First-ever Albanian female peacekeepers committed to leaving a mark in South Sudan

14 Jun 2019

First-ever Albanian female peacekeepers committed to leaving a mark in South Sudan

Gideon Sackitey

Trained as a chemical engineer and a lawyer, one would have thought that Viola Hoxha and Valentina Korbi would be tucked somewhere in the comfort of home in Tirana, the capital of Albania. However, now at the ranks of captain and major respectively, and with considerable experience in the Albanian Army, the two would end up as the first-ever Albanian female United Nations Peacekeepers.

Their mission, they say, “is to help others while facilitating the establishment of contacts with the local female population, develop their capacity and make them relevant to society.”

On how it feels like being the first Albanian female soldiers in a UN peacekeeping operation, the two ladies have ready responses.

“It is not easy!” says Valentina. “The military organization has its own arrangements. But being the first UN peacekeepers, we feel proud,” she adds.

“It is a mission; a difficult assignment that carries a lot of responsibility,” notes Captain Viola Xoxha, now with an 11-year military experience. “The best thing I like is to help others and being here [South Sudan] is one of my dreams, to serve and to help,” adds Viola.

For Valentina, seeing her father in his military uniform inspired her to join the army. Now, though, it is more than just that.

“I must point out that I am in this mission willingly with the intention to contribute modestly to the peace in South Sudan,” she says. “I have been in the Albanian army for 15 years as Legal Advisor to the Albanian Armed Forces, and even though my father was also in the army, the joy of having an opportunity to serve my country was what motivated me,” she elaborates, before adding, “And to be selected to serve in a UN peacekeeping operation such as this, was like an icing on the cake.”

In Bor, the two women work in the intelligence unit of the UN Mission.

“It has been a worthwhile experience so far,” notes Valentina. “Delivering intelligence briefs on the security and intelligence situation is most intriguing and valuable,” she says.

And now, they are already looking to inspire more women back home in Albania by sharing their peacekeeping experience with other female colleagues since several of them would love to participate in a similar mission.

“I appreciate the importance of the mission for its purpose, but at the same time I consider it for my own professional career,” says Valentina. “From the human and personal point of view, this will be an experience that cannot be forgotten easily,” she adds with a smile.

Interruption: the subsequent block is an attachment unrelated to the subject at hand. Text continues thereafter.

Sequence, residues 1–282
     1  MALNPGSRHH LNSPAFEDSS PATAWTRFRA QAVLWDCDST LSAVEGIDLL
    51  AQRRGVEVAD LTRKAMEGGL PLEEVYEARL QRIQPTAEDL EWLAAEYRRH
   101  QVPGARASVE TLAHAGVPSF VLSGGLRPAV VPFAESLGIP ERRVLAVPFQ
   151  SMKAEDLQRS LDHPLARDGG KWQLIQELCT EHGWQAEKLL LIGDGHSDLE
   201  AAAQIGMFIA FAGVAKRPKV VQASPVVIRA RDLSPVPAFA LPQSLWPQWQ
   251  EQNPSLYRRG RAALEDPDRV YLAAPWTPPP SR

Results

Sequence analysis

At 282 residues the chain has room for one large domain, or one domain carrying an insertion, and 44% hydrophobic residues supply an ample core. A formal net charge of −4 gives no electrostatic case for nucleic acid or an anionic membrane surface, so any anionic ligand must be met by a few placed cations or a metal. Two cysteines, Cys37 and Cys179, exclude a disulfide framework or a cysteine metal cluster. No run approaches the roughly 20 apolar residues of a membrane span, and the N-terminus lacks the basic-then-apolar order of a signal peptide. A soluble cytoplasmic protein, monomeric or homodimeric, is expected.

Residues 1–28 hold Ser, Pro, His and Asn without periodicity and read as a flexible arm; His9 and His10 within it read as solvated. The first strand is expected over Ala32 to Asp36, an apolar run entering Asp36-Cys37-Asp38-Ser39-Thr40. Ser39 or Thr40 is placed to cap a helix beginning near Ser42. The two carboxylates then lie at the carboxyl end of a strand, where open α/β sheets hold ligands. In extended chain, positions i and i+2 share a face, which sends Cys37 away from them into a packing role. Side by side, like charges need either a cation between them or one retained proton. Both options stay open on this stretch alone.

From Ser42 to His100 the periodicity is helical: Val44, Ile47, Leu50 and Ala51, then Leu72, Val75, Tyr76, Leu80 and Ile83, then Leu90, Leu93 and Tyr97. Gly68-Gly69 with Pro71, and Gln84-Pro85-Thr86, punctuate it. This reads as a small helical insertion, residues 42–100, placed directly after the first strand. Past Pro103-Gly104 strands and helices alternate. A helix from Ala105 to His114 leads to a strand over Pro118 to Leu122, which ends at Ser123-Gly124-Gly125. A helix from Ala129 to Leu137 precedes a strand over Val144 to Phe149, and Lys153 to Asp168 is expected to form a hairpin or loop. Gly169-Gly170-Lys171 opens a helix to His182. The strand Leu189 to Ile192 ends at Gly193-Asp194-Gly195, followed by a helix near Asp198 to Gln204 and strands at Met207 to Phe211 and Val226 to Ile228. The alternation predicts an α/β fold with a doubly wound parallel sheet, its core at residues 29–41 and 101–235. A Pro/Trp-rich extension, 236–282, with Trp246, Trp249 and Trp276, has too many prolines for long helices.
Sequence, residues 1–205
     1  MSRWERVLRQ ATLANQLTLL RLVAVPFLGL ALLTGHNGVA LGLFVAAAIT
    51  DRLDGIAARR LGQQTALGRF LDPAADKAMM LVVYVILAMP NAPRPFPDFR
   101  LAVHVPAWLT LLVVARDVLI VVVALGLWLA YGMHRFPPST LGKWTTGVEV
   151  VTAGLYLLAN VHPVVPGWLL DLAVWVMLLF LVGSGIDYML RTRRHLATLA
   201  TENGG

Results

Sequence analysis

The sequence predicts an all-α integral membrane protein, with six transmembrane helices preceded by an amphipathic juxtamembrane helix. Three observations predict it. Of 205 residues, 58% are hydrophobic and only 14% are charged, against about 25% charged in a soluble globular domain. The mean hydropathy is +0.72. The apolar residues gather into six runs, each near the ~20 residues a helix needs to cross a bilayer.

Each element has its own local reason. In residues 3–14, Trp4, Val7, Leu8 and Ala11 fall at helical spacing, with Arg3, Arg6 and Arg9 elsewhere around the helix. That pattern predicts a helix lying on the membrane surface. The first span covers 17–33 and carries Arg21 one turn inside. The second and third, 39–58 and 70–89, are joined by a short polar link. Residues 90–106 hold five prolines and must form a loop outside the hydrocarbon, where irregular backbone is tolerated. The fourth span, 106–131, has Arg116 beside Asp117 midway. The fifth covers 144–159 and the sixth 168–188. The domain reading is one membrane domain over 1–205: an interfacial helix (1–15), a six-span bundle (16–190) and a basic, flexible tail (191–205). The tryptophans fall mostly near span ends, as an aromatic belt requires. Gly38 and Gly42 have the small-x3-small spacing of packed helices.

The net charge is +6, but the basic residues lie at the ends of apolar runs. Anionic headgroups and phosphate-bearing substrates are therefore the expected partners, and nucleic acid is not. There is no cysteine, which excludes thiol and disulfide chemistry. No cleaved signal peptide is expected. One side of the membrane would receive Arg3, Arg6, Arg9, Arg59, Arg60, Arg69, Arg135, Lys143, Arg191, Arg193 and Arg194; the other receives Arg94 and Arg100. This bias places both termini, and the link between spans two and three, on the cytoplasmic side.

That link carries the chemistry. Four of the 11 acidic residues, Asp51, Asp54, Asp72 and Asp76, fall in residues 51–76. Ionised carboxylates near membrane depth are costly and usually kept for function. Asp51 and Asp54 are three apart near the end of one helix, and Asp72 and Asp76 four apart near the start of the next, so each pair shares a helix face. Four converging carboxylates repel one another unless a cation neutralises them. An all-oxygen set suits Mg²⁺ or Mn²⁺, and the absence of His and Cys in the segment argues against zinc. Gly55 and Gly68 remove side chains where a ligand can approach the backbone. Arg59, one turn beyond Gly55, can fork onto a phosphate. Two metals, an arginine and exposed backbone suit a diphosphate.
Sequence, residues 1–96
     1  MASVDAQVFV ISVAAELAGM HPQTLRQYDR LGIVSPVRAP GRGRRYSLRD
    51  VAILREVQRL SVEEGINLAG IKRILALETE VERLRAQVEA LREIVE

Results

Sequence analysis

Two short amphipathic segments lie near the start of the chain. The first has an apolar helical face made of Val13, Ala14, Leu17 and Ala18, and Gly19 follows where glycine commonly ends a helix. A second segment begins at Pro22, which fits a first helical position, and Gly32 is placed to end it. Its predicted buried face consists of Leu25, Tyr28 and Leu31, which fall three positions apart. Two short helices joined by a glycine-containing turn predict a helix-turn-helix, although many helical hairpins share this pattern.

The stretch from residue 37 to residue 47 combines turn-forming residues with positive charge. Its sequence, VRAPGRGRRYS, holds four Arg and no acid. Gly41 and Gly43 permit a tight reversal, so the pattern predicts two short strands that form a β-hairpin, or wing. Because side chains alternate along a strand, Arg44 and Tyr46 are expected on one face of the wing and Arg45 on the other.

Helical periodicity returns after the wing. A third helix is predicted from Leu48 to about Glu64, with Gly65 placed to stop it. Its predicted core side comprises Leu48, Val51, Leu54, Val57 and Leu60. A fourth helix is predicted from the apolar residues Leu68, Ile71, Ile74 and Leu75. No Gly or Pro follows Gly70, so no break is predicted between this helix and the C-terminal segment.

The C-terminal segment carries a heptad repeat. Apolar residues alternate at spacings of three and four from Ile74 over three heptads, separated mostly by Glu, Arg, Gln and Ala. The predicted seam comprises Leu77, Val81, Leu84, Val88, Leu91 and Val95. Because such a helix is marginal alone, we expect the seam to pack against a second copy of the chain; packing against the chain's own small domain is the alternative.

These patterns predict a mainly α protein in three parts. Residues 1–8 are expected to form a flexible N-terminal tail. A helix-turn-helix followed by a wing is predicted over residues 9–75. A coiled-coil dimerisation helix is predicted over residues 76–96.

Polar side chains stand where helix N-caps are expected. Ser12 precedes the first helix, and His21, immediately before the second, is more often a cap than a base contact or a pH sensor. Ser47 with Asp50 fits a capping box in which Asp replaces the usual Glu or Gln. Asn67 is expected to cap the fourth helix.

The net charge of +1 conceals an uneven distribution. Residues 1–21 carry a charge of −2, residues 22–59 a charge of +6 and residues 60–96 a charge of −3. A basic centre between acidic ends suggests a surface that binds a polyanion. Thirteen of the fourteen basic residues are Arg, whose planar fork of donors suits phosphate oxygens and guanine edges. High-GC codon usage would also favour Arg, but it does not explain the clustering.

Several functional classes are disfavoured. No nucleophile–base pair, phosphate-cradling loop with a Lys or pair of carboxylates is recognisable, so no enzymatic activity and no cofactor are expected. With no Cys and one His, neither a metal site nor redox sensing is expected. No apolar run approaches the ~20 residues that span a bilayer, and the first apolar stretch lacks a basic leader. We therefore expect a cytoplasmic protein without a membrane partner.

The two peacekeepers have joined UN peacekeeping operations at a time when the Organization’s push for women’s involvement in peacekeeping ranks so high.

According to Viola, there are special needs of women during and after conflict, and “this represents a sector with essential importance that only women can provide. A sector that cannot be neglected in any peacekeeping mission,” she underscores.

Viola also recognizes that the presence of women in peacekeeping operations is essential for many reasons.

First, they facilitate contacts with the local population, and they gain their trust. Women, children and elderly feel more comfortable speaking with a woman.

“Because of their sensitivity, patience and regard towards the needs of the others, women peacekeepers provide an important aspect in the contribution to the national peacemaking processes,” says Valentina, coming in to drive the point home.

“Women can do a lot. Their presence could bring many changes,” Valentina further points out.

“The adequate inclusion of women in peacekeeping operations can serve to foster the political participation of women at the local level of governance. In other words, women employed in peacekeeping operations whether as military or civilian can serve as an inspiration and model for the local population,” notes Valentina.

“We think that it is essential to encourage a bigger participation of women in the peacekeeping operations, by identifying and eliminating the main barriers that constitute an interference for their participation.”

In 1993, women made up only 1% of deployed uniformed personnel. Twenty-one years later, by 2014, out of approximately 125,000 peacekeepers, women constituted 3% of military personnel and 10% of police personnel in UN Peacekeeping missions.